In addition to being a useful warm-up, running the lines can be a great drill to improve your footwork. Here are a few ideas to up the ante and make this tennis drill a bit more challenging. Run at a faster pace. Bend your knees and get low. Challenge yourself against another player and see who finishes first.
This is one of the most basic tennis drills that each tennis student learns in the first phase of training. In this drill, all you have to do is to jog or run at a slow speed while keeping one foot in one square at a time.
The Forehands and Backhands drill allows you to enhance the feel for the ball’s speed and depth, which occurs in a live rally. Once the player becomes accustomed to these tennis drills, they can better judge the depth and speed of the ball for more precise shots in practice, so your skill level increases.
Begin this drill by standing at the hash mark on the baseline. Sprint to the center service line and then side-step to the left singles line. Next, side-step across the service boxes to the right...
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For this drill, you’ll need a wall, a racket, and a tennis ball. Simply go to a wall and practice all your strokes. Here is how I practice on the wall, which is typically a 25-minute session. 5 minutes of forehand groundstrokes (topspin) 5 minutes of backhand groundstrokes (topspin) 3 minutes of forehand slice.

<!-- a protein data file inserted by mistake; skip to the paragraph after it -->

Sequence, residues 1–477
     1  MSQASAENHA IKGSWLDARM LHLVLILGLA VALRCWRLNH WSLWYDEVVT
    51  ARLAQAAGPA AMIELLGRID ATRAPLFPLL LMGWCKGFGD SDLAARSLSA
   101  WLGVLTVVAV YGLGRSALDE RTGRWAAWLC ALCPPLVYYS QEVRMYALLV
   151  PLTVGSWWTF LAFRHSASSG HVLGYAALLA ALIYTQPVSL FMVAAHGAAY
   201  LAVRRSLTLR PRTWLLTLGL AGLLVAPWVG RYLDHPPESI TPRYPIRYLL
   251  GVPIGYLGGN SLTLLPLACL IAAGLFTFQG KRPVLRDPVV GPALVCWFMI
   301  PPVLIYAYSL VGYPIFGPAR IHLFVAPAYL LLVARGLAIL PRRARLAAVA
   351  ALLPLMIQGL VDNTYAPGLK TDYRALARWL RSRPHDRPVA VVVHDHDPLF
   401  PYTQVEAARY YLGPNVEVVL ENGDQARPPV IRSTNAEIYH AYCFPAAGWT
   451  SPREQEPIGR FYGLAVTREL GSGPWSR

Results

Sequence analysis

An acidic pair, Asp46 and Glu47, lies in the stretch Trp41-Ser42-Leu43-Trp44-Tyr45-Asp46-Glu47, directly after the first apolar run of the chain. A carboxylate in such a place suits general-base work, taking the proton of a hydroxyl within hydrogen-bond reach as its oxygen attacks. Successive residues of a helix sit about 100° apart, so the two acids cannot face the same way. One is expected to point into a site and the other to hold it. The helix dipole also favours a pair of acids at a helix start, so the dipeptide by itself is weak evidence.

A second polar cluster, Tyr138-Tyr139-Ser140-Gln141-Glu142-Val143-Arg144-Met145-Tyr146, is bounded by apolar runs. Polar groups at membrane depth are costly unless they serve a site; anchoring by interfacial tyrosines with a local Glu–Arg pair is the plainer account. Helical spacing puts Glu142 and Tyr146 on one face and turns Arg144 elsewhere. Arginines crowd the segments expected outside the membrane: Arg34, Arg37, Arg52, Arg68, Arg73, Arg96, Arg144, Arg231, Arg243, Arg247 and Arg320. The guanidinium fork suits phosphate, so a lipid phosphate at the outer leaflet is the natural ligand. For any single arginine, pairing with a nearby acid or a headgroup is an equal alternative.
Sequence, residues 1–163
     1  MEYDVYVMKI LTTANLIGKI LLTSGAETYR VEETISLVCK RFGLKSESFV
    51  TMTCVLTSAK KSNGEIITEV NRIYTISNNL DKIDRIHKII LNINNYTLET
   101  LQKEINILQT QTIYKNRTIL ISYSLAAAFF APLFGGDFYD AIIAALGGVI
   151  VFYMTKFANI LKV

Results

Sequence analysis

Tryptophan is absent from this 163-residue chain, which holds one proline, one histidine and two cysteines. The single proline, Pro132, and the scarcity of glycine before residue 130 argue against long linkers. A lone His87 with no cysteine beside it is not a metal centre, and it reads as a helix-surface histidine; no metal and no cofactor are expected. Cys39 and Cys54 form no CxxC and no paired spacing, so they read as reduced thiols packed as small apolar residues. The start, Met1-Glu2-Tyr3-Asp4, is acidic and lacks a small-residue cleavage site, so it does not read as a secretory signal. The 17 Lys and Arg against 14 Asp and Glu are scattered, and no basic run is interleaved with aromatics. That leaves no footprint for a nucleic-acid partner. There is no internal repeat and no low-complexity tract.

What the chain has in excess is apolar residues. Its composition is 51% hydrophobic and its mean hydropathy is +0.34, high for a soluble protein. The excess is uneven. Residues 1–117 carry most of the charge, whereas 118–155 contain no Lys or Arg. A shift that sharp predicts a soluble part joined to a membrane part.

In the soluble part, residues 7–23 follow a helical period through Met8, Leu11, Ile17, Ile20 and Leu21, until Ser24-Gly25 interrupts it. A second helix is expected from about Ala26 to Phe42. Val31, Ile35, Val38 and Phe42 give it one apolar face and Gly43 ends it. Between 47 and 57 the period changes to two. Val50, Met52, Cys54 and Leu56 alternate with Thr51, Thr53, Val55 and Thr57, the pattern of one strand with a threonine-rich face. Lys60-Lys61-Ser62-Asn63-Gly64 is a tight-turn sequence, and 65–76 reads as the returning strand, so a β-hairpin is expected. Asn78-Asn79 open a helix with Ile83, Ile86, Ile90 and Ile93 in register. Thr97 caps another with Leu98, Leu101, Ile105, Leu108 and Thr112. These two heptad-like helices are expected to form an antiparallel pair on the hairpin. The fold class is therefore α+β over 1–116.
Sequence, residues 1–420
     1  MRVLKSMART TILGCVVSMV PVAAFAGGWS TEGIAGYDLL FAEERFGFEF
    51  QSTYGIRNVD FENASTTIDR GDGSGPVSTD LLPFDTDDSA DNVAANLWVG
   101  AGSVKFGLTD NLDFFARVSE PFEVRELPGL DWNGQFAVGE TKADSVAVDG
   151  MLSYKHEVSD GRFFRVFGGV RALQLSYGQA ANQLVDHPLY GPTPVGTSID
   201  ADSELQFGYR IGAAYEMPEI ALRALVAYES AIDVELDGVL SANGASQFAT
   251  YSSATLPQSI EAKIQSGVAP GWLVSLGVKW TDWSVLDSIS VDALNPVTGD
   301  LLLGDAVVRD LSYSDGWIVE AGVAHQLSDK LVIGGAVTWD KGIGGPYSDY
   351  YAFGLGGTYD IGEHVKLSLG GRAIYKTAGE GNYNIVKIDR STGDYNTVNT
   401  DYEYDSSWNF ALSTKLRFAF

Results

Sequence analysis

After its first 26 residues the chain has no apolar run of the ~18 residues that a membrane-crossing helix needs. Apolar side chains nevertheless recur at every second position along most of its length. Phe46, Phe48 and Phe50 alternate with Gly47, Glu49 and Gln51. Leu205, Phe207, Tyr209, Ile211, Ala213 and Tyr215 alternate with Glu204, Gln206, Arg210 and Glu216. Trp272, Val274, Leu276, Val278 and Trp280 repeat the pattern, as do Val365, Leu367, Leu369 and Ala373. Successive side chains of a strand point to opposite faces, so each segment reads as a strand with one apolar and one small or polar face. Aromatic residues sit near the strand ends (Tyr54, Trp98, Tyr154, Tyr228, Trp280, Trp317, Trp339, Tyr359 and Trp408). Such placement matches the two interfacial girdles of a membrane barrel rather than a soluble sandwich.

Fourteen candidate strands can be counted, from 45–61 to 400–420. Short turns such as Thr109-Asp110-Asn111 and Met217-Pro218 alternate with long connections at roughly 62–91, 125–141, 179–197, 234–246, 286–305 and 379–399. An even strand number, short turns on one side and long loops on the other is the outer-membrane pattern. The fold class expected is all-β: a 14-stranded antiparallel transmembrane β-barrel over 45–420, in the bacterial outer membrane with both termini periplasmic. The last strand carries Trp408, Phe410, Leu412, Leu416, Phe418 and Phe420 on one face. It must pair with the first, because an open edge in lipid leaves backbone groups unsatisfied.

In tennis, you have to continuously move your feet to ensure you are in the correct position to return the ball. This drill will help you improve your footwork and lateral movement. cone-slalom_brightcove-16×9-mp4. Procedure. Line up 10 to 12 cones along the baseline about a yard (0.9 m) apart.
To start, have your player hold their racquet in their dominant hand face-up, like a frying pan, and have them place a tennis ball on the face, or strings of their racquet. Then, have them slowly start moving the head of the racquet up and down until the ball begins bouncing on their strings.